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Development of sports medicine in the International Olympic Committee
  1. Torbjørn Soligard1,
  2. Kathrin Steffen2,
  3. Richard Budgett1,
  4. Lars Engebretsen1,2
  1. 1 Medical and Scientific Department, International Olympic Committee, Lausanne, Switzerland
  2. 2 Oslo Sports Trauma Research Center, Department of Sports Medicine, Norwegian School of Sport Sciences, Oslo, Norway
  1. Correspondence to Dr Torbjørn Soligard, Medical and Scientific Department, International Olympic Committee, Lausanne, Switzerland; torbjorn.soligard{at}

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When the senior author (LE) started as Head of Scientific Activities of the Medical and Scientific Department in the International Olympic Committee (IOC) in October 2007, the Mission statement of this new IOC development was to:

  • Develop the IOC’s medical and scientific activities to position the IOC as the primary reference in sports medicine and sports science.

  • Increase the positioning of the IOC on the protection of athletes’ health by developing research and education in sports medicine.

  • Act as the interface between the scientific community on the one hand (universities, research institutes, scientific societies) and the sporting community on the other hand (National Olympic Committees (NOCs), International Federations (IFs)).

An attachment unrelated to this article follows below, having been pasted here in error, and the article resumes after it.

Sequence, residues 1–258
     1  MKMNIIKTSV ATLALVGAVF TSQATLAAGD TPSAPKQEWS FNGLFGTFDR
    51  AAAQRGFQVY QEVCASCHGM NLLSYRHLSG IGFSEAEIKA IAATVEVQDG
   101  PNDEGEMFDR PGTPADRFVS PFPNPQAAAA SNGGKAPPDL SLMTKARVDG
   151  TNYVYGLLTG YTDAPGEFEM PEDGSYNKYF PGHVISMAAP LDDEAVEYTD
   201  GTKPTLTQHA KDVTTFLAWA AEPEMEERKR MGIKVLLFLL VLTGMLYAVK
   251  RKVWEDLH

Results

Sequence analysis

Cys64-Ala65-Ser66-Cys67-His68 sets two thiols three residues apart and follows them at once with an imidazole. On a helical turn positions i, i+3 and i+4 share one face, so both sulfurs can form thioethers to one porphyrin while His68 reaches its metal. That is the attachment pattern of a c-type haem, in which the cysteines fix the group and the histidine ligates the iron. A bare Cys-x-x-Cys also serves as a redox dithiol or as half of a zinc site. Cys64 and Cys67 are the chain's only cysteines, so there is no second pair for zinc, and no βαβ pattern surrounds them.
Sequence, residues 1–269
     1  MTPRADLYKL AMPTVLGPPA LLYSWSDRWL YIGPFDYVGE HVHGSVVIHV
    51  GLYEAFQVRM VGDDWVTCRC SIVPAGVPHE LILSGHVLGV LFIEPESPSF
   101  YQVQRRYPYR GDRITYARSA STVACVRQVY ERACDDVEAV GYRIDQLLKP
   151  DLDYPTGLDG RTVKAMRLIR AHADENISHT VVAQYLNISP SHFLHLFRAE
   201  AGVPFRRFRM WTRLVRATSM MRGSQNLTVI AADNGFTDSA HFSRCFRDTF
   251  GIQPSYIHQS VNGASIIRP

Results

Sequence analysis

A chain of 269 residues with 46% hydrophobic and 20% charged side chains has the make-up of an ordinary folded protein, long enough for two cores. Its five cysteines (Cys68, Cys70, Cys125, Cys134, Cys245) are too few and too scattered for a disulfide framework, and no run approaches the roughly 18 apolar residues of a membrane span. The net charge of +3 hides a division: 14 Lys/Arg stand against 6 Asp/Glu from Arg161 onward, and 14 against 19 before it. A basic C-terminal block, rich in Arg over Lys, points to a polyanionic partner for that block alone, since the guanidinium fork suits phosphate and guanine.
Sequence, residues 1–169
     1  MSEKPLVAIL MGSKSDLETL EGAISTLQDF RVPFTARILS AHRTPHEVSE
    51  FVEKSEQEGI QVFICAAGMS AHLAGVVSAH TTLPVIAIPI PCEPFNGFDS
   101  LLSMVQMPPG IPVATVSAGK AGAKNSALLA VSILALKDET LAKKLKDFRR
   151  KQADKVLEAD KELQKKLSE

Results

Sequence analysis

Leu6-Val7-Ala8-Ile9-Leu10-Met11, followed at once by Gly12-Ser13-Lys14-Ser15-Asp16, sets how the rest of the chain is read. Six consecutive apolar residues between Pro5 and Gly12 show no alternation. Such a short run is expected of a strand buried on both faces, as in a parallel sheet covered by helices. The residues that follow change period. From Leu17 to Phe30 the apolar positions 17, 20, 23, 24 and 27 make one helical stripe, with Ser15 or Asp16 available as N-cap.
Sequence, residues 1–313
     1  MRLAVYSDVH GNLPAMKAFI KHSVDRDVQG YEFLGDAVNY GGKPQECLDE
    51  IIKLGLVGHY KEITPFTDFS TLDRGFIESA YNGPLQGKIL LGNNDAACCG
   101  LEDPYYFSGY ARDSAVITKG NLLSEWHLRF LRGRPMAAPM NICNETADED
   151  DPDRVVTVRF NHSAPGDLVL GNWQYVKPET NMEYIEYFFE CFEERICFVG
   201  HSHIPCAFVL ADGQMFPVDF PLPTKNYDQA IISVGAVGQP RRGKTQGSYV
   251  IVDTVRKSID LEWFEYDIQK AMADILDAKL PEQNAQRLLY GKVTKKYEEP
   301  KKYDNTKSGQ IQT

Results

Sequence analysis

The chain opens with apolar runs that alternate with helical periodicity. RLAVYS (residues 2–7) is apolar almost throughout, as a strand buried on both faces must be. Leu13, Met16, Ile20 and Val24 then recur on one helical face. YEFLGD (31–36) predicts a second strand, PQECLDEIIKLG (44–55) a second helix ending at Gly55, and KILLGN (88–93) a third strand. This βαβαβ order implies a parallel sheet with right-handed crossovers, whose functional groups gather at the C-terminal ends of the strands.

17 years later, many projects have been accomplished as part of this mission. This commentary summarises the various programmes and initiatives implemented by the IOC Medical and Scientific Department over nearly two decades.

Research: the main source of knowledge


Understanding injury epidemiology is a prerequisite and the basis for injury prevention.1 Thus, we introduced the first full-fledged injury surveillance in the Beijing 2008 Summer Olympics.2 This study was the first to collect all athlete injury data, not only from the Organising Committee’s polyclinic and medical stations but also directly from the NOCs’ medical staff, to present a complete picture of the epidemiology of injuries occurring at the Olympics. Two years later, in the Vancouver 2010 Winter Olympics, we broadened its scope to also include all athlete illnesses3 and since then the surveillance studies have been an inherent part of both the Olympic Games4–9 and the Youth Olympic Games.10–13 The two latest papers from Tokyo 20208 and Beijing 20229 shed light on how COVID-19 and accompanying countermeasures impacted the athletes’ injuries and illnesses. Fundamentally, we consider this research to be the underpinning of much of our work and expect it to …

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  • X @TSoligard, @larsengebretsen

  • Funding The authors have not declared a specific grant for this research from any funding agency in the public, commercial or not-for-profit sectors.

  • Competing interests None declared.

  • Provenance and peer review Not commissioned; externally peer reviewed.